3 0 Re: [JuliaGraphs/LightGraphs.jl] should is_cyc... Closed #592. -- You are receiving this because...
19 0 Re: [JuliaGraphs/LightGraphs.jl] Just a note r... Closed #584. -- You are receiving this because...
29 0 Re: [JuliaGraphs/LightGraphs.jl] connected_co... OK, so after talking with @jpfairbanks I've do...
6 2 Re: [JuliaGraphs/LightGraphs.jl] WIP: LightGra... @sbromberger pushed 1 commit. d8d12ce 1.0 -> 0...
7 2 Re: [stingergraph/stinger] compile without war... @zeuner pushed 1 commit. 3eaf610 linking relat...
10 2 Re: [JuliaGraphs/LightGraphs.jl] first cut at ... @sbromberger pushed 2 commits. d95252b Merge b...
88 5 eCopyright Dear James, This is to inform you that the eco...
90 5 [stingergraph/stinger] Release candidate for 1... You can view, comment on, or merge this pull r...
95 5 [nassarhuda/MatrixNetworks.jl] biconnected com... You can view, comment on, or merge this pull r...
5 7 Re: [jpoovey3/HDAPWorkflows] Move execution to... @jfairbanks6, did you want to go ahead and mer...
8 7 Re: [JuliaGraphs/LightGraphs.jl] WIP: Eager im... Oh! I hope you're feeling better. -- You are r...
12 7 Re: [JuliaGraphs/LightGraphs.jl] Add various a... Yes, I will open a new PR for that one, so tha...
9 8 Re: [JuliaGraphs/LightGraphs.jl] merge vertice... # Report > Merging into will **decrease** cove...
17 8 Re: [simonster/Memoize.jl] Support function re... [![Coverage Coverage decreased (-2.7%) to 92.3...
21 8 Re: [JuliaGraphs/LightGraphs.jl] Update binomi... # Report > Merging into will **not change** co...

## Analysis of Residuals

We can look at the quality of the model on various documents. For some documents the text is well approximated by the latent factors, but for some other documents the text is poorly approximated by the topics.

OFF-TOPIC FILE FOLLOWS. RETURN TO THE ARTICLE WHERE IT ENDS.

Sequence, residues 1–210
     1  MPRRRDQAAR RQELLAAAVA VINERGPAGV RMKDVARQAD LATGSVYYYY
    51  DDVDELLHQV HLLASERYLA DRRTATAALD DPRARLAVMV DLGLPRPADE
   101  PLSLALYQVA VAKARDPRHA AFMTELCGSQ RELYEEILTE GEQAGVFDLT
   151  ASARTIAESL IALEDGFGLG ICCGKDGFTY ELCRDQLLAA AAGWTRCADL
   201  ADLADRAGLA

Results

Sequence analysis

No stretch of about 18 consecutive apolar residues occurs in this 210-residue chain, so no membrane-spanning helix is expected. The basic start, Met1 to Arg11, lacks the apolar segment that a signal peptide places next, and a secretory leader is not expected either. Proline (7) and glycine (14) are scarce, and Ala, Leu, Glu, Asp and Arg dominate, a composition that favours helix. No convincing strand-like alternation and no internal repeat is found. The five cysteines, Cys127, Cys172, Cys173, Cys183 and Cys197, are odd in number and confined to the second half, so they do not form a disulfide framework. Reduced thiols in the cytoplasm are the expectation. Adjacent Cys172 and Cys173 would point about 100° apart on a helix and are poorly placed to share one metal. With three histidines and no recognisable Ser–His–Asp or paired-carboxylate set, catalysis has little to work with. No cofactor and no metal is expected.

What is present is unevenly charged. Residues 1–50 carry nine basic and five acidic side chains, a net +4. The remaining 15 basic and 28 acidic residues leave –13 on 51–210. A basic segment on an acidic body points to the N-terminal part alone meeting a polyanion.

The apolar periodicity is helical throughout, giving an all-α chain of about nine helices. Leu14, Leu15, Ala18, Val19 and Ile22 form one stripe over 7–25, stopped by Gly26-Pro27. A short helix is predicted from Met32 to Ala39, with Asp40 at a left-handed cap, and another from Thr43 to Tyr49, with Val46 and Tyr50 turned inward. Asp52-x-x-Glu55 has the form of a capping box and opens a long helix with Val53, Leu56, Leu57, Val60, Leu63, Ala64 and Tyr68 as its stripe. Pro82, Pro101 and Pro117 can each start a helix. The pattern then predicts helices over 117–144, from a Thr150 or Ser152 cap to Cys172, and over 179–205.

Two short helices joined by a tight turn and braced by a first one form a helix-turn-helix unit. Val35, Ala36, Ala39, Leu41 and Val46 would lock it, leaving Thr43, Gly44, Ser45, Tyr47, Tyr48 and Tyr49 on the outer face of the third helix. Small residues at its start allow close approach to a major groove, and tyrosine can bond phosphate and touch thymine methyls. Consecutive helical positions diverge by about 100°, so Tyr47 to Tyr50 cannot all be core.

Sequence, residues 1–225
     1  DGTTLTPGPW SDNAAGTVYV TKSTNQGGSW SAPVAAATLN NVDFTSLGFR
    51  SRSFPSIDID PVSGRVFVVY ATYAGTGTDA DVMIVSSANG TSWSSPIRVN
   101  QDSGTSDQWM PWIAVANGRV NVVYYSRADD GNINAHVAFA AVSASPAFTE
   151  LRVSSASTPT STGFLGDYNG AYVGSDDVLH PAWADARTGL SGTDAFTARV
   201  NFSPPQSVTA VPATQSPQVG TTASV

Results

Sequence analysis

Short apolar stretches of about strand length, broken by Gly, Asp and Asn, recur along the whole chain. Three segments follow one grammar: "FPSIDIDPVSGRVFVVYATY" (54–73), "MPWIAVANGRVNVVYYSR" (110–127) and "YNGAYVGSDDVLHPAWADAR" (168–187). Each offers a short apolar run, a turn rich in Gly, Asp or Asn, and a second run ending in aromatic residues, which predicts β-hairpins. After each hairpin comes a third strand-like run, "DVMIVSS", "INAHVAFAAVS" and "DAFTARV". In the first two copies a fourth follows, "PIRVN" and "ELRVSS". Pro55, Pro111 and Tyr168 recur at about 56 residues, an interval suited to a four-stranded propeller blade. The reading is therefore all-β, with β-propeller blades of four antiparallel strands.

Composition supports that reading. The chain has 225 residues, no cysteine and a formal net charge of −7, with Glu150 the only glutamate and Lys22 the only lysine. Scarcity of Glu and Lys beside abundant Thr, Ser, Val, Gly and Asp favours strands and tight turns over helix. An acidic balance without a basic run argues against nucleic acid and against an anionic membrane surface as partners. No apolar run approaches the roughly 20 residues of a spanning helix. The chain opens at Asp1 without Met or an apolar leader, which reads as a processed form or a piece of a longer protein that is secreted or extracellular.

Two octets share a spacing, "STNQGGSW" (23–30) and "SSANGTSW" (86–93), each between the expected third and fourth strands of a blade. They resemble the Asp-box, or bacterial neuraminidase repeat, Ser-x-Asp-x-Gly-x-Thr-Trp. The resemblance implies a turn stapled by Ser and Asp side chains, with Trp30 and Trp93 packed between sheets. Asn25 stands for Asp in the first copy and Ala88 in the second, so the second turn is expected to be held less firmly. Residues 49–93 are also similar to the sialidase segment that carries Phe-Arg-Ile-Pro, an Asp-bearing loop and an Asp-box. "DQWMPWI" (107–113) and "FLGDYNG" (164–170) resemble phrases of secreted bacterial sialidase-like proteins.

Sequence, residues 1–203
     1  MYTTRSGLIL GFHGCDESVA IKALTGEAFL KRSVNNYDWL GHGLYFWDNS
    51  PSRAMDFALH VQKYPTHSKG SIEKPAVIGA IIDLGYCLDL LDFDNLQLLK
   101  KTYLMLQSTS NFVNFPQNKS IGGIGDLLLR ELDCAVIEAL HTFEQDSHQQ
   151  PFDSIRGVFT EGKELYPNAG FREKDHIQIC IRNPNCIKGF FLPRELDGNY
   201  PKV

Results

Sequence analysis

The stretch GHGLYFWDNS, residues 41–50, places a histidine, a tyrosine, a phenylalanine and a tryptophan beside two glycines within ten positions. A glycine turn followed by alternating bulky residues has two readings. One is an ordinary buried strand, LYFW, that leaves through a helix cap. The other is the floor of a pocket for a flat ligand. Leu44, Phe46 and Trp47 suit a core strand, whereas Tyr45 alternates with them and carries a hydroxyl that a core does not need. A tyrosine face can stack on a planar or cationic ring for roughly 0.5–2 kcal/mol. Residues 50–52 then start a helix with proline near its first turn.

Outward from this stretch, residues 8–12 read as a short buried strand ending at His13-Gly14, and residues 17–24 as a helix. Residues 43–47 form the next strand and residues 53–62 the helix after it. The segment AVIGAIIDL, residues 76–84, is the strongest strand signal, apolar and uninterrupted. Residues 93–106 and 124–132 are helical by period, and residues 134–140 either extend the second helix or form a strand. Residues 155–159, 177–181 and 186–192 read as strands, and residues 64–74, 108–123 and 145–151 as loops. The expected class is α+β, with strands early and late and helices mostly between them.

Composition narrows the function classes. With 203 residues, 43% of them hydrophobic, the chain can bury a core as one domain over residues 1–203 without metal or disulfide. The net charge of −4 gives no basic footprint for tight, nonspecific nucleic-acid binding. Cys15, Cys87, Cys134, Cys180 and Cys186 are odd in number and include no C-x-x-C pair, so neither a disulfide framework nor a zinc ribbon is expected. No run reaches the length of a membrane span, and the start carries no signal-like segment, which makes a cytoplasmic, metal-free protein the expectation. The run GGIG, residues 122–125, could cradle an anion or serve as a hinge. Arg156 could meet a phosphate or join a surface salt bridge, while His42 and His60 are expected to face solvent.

The residual for a document is defined as $$r[i] = ||A[i,:] - H[i,:]W||_2$$

When $r[i]$ is small the model is capturing the text of the document, when the residual is large, the document is using some combination of words that does not lie on the subspace spaned by the word vectors (columns of W).

We see that the residuals are small for documents that fit the mental category that we assign to the topic and large for documents that are individualized and personal.

import numpy as np
r = np.zeros(A.shape[0])

for row in range(A.shape[0]):
r[row] = np.linalg.norm(A[row, :]- H[row,:].dot(W))

print(sum(np.sqrt(r)))
nmf.reconstruction_err_

3615.85321153
50.592531594804974

plt.figure(figsize=(20,20))
plt.hist(r);
plt.title('Histogram of residuals')
plt.xlabel('$r_i$')
plt.ylabel('count($i$ | $r[i] = x$)')


df['residual'] = r
df.sort_values(['topic','residual'],

topic subject body residual
1391 0 Your modified booking at ... rkJggg== SUVORK5CYII= RdFfAAAAAElFTkSuQmCC 0.000000
1467 0 Your booking at ... PC9ib2R5Pgo8L2h0bWw+ cn0m6T8AAAAASUVORK5CYII= ... 0.000000
1505 0 Your booking at ... 2Q== rkJggg== SUVORK5CYII= RdFfAAAAAElFTkSuQmCC 0.000000
4002 0 James, ready to travel? g5EAAAAASUVORK5CYII= AAAASUVORK5CYII= TkSuQmCC 0.000000
4016 0 You have a new message from Windsor Guest House. Wl0tLS6Wlr//2Q== BnnV4dXRkf/Z YII= 0.000000
3757 1 Re: [JuliaGraphs/LightGraphs.jl] WIP: Eager im... -- You are receiving this because you were men... 0.417925
357 1 Re: [flycheck/flycheck] Add proselint checker ... Any progress? 🙄 -- You are receiving... 0.450220
4228 1 Georgia Tech Yellow Jackets Latest News August 17, 2016 In This Issue ______________ 2... 0.505818
695 1 Georgia Tech Yellow Jackets Latest News August 30, 2016 In This Issue ______________ G... 0.531093
733 1 Funding and Networking in Academemia - all you... To view this message in HTML format, click her... 0.531405
1741 2 Re: [rohitvarkey/rohitvarkey.github.io] Part 4... @rohitvarkey pushed 1 commit. 1c2df2d Incorpor... 0.130336
1875 2 Re: [JuliaGraphs/LightGraphs.jl] Transitivity ... @AsileBcd pushed 1 commit. 02b9b7f Efficiency ... 0.130336
2175 2 Re: [rohitvarkey/StingerWrapper.jl] WIP: LG ab... @rohitvarkey pushed 1 commit. 2158036 Iterator... 0.130336
2317 2 Re: [JuliaGraphs/LightGraphs.jl] Pull request/... @AsileBcd pushed 1 commit. 2d20b8e Fixing inde... 0.130336
2541 2 =?UTF-8?Q?Re:_[stingergraph/stinger]_Trying_CM... @davidediger pushed 1 commit. a778e8a Upgradin... 0.130336
2520 3 =?utf-8?Q?Big=20Announcement?= View this email in your browser February 1=2C ... 0.126853